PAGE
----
Shipyard contracts: concessions vs. waivers
To ensure an owner’s interests are protected during a new build or refit, it is imperative that the owner’s representative understands these contractual nuances. Kevin Laverty, Director of Projects at Hill Robinson, explains.
Most superyacht new build or refit contracts place a range of responsibilities on the owner or buyer, such as approving technical drawings, making stage payments, and attending inspections and sea trials. Failure to carry out any of these responsibilities in a timely manner and in accordance with the process set out in the contract may give rise to a claim for delay by the shipyard, or act as a waiver of the owner or buyer’s rights.
Given that most owners or buyers have busy lives, it is normal practice to appoint a project manager or owner’s representative with power of attorney to oversee these contractual obligations. And it is imperative that this individual understands the nuances related to not adhering to them. “Many project managers don’t know the difference between a ‘waiver’ and a ‘concession’, but it’s important that they know the distinction,” advises Kevin Laverty, Director of Projects at Hill Robinson.
According to Kevin, there are two types of waiver. The first is the conscious waiver, whereby the owner or owner’s representative intentionally gives up some right prescribed under the contract for no gain. The second is the unconscious surrendering of the owner or buyer’s rights simply by forgetting or failing to do something as per the contract.
“Many project managers don’t know the difference between a ‘waiver’ and a ‘concession’, but it’s important that they know the distinction.”
Typical examples of how this can happen include not conducting a drawing review within the stipulated timeframe, or not attending an inspection, test, or even sea trial. “The shipyard should notify the owner’s representative in advance of any inspection, test, or sea trial,” explains Kevin. “If the owner’s representative fails to attend, the owner will be bound by the results and waive their right to reject them.”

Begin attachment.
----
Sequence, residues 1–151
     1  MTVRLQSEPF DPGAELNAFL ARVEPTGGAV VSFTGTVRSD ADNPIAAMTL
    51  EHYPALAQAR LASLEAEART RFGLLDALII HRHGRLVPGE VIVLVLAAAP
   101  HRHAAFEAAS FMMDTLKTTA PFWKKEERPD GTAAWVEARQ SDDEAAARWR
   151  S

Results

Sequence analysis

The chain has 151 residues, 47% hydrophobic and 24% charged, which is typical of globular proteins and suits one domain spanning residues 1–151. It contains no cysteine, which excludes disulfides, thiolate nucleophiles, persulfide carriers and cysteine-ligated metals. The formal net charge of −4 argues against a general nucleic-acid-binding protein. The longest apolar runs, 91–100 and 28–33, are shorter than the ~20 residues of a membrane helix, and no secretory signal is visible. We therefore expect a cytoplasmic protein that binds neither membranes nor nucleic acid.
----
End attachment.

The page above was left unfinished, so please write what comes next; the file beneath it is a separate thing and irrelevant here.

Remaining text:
A concession, on the other hand, can take place when the owner or buyer voluntarily yields on a certain aspect of the contract, which could then be used to negotiate some form of compensation. “A typical example might be that the aesthetic quality of the painting in the engine room is below expected standard and the lacquering in the owner’s suite is not up to standard, so the shipyard might offer to rework the owner’s suite if the owner yields on rework of the engine room,” says Kevin. “Depending on the owner’s expectations, it must be evaluated whether that would be a worthy concession, giving due consideration to the overarching objectives of cost, time, quality, and risk.”
“The shipyard should notify the owner’s representative in advance of any inspection, test, or sea trial. If the owner’s representative fails to attend, the owner will be bound by the results and waive their right to reject them.”
A professional project manager will have the legal and commercial knowledge to understand the nuances of the contract to ensure that the owner or buyer’s best interests are protected, thereby achieving the best outcome for their project. Preventing subconscious waivers and negotiating on concessions are a key part of this.